OK, normal-looking Bluetooth speaker, right? Pretty standard, right?
Well no. Not at all my digital friend.
Dangle the Edifier MP280 off your back-pack, stick it in the middle of your camp site, put it in the bathroom while you take a shower and .. woah.. there’s a fine slice of meaty bass from this.
Now, I know I’m skipping through all the important bits like the setup and the pairing process, but this has a properly good sound output. Although not overly loud, the bass response and audio quality certainly impresses. The cylindrical design isn’t just for looks either, this has a full 360 sound which means that everyone around the speaker gets to hear the sound in exactly the same way.
Weighing in at half a kilo, this has a few tricks too. First up, it has a very decent battery (although I can’t find out the mAh rating) which will keep your tunes playing for up to 10 hours depending on the volume. Secondly, it also has a USB slot on the bottom so, if you need it, you can charge your phone or something else from the speaker. Under that flap at the bottom you’ll also find a microSD card slot and an AUX port if you want to listen to music without Bluetooth. Just pop a card in or plug in your 3.5mm cable (supplied) and hit the select button on the top of the device to switch inputs.
An LED light on the bottom (under that flap) keeps you informed, and will blink while charging. Once it remains solid, you’re good to go. If you turn it on but then forget to turn it off, don’t worry, it’ll power itself off after 10 minutes if there’s no input.
After you’ve charged the device (via that microUSB port, and the cable is supplied by the way) you close the flap and user either the carabiner hook to attach it to a bag or backpack. You can also perhaps hook it onto your coat or door handle. It’s also quite at home on a desktop or table.
Around the cylinder you can, through the grille, get a hint of the two 4W speakers at the heart of this.
The top has two buttons. In the very centre is the power button – hold to turn it on and hold again to turn it off. Next to that is another button for selecting the audio source, which is either the Bluetooth, microSD or AUX input. You can also see how much power remains in the speaker by pressing and holding this too.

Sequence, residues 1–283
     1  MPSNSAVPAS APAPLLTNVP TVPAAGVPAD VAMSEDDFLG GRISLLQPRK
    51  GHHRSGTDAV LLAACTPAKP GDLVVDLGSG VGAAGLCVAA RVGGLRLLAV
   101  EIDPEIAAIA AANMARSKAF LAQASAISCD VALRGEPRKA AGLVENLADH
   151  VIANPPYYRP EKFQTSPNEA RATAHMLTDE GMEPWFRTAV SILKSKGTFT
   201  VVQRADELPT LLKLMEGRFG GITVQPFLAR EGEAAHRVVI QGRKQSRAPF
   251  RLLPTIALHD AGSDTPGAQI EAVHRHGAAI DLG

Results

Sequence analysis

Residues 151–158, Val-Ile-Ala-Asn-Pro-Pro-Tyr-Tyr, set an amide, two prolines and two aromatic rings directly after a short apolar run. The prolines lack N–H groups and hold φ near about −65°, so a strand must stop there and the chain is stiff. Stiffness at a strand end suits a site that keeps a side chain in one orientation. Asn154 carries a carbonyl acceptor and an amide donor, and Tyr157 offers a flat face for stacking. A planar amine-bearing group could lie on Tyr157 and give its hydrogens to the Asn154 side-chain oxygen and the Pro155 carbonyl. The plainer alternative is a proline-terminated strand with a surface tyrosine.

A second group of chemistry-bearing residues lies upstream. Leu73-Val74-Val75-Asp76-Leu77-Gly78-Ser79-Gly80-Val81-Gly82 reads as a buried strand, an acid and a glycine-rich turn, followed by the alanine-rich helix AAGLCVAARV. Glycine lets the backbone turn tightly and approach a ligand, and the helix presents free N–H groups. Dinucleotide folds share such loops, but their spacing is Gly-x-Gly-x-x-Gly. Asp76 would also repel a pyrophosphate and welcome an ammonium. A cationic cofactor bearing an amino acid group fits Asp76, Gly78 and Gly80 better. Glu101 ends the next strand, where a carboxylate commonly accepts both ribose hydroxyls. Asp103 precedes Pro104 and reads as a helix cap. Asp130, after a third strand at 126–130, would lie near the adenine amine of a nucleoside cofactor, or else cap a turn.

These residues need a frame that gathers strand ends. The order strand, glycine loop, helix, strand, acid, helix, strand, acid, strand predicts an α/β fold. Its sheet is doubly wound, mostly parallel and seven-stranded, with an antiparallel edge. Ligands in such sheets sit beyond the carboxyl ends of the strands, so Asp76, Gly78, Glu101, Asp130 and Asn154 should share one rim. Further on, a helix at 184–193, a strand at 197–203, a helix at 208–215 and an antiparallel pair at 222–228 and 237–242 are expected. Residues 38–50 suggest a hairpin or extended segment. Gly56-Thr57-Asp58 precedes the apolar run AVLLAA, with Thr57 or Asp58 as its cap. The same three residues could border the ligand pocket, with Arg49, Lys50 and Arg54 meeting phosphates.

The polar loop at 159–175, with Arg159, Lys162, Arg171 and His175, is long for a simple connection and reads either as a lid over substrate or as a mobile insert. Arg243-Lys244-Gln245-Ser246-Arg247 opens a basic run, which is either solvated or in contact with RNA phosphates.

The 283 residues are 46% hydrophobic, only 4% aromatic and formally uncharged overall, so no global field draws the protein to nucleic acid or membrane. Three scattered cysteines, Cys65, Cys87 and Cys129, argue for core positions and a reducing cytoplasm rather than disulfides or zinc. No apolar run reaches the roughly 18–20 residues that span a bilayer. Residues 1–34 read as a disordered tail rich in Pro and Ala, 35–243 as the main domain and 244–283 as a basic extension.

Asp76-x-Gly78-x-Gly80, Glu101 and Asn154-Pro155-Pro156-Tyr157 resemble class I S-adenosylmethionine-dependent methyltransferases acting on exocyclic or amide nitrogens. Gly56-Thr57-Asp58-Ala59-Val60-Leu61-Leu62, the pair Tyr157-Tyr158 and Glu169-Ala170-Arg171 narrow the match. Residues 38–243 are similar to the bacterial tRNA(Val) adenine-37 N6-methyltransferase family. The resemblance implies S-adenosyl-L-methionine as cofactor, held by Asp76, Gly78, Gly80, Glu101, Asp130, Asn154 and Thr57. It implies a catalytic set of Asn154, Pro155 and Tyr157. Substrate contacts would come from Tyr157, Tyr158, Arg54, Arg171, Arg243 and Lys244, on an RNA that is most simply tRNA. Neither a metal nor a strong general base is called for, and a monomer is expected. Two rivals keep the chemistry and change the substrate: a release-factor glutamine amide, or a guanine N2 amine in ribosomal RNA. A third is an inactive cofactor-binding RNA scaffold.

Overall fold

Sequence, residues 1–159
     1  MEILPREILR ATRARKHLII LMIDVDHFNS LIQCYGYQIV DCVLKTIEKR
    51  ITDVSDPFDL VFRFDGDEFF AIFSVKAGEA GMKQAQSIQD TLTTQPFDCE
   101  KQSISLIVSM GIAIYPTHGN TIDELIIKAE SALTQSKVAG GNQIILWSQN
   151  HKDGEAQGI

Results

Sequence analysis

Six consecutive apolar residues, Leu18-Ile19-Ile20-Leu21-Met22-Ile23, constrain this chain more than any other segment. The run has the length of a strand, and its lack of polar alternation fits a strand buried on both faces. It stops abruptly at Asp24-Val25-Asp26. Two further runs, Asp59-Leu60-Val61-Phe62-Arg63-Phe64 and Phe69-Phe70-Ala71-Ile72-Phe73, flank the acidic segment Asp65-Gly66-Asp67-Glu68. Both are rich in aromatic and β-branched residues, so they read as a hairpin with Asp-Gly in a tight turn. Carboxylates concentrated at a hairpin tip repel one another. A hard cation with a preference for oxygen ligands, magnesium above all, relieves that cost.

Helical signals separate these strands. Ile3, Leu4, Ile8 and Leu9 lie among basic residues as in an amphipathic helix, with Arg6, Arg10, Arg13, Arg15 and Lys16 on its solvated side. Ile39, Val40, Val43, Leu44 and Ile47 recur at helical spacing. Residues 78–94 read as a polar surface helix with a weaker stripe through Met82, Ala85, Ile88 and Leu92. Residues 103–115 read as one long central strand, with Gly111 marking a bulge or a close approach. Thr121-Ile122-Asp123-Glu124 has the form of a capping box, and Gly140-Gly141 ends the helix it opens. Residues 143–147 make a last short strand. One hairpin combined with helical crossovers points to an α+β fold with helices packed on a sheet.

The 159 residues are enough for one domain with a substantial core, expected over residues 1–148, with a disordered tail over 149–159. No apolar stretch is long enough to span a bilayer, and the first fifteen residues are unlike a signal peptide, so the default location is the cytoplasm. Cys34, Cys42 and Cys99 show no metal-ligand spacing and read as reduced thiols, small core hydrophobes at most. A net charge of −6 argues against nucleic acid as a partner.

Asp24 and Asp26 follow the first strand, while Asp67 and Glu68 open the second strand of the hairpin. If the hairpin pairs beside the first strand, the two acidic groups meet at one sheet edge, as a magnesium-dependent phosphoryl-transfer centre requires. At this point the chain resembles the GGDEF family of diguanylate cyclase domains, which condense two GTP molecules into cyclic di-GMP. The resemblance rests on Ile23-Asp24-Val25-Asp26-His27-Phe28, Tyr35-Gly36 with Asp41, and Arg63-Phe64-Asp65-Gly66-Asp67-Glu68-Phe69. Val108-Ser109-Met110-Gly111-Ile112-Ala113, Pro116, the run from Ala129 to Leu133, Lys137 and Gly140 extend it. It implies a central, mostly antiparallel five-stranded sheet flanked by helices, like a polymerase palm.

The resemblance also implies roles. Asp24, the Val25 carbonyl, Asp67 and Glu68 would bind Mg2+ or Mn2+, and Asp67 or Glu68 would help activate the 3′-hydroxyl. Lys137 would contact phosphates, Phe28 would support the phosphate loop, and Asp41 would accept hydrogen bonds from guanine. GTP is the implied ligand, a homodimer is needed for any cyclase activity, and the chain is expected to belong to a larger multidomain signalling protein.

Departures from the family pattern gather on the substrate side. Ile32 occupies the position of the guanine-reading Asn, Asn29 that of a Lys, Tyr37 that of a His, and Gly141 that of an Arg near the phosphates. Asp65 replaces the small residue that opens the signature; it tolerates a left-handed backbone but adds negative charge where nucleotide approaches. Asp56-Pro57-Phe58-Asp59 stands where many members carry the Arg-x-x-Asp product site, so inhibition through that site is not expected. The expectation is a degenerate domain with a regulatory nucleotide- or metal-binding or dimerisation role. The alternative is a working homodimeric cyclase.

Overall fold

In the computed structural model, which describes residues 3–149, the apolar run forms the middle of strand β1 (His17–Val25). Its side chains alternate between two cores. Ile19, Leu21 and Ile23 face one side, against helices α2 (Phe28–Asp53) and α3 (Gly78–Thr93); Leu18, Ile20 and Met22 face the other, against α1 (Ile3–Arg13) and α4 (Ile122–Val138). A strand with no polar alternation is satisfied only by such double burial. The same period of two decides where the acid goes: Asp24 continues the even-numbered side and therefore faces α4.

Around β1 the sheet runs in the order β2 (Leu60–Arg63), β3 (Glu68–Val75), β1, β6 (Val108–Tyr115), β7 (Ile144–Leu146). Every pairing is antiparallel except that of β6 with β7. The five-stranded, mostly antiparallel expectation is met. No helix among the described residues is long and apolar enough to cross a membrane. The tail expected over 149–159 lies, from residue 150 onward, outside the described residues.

On the side here, a few more buttons. On the right side of this shot you
As you can probably see, the buttons are rubberised but easy to hit and locate. The + and – will obviously adjust your volume and, if you hold, will switch tracks – forward and back. The round button below is a play / pause button and also shows the power level again. That power level, by the way, is represented on these three LED’s, each representing a third…
You may not be able to see too clearly in these shots, but there’s another LED between the EDIFIER logo and the NFC symbol. Ah yes – I should mention that. If your phone has NFC, just tap your device against this symbol and it’ll start the Bluetooth pairing process.
As for that LED, if it’s green then you’re using the AUX input. If it’s blue then it’s obviously Bluetooth. If it’s red then you’re getting your tunes from the microSD card. It’s a good way to let you know which source you’re selecting as you switch through.
Connecting your device to the speaker via Bluetooth is simple enough. Just turn the speaker on and it’ll start pairing. If you want to force a pairing session, press and hold that circular button to force the pairing process. You can also tap this button to answer a call, turning your speaker into a hands-free phone of sorts.
Down points? Well, I wanted to find out if it was truly waterproof or not. Although the build and that big rubber flap suggests that it is, I can’t be sure. It certainly seems to be hard wearing and, with the silicone / rubberised finish, it can definitely survive knocks and scrapes. I also wanted to know more about that battery capacity.. sure, it’s a geeky request but I would like to find out.
That said though, the sound quality was extremely good. It capture the depth and changes of my music and did indeed create an encompassing sound around the speaker in all directions. It was also well-made and had a definite strength and sturdiness about it.
I’ve had this dangling off my bike bag and have used it around the house. In both cases it’s performed really well and I intend on using this on an upcoming camping trip to really test it out. The sound quality is really up there though, although how many will pay £69.99 for it I’m not so sure.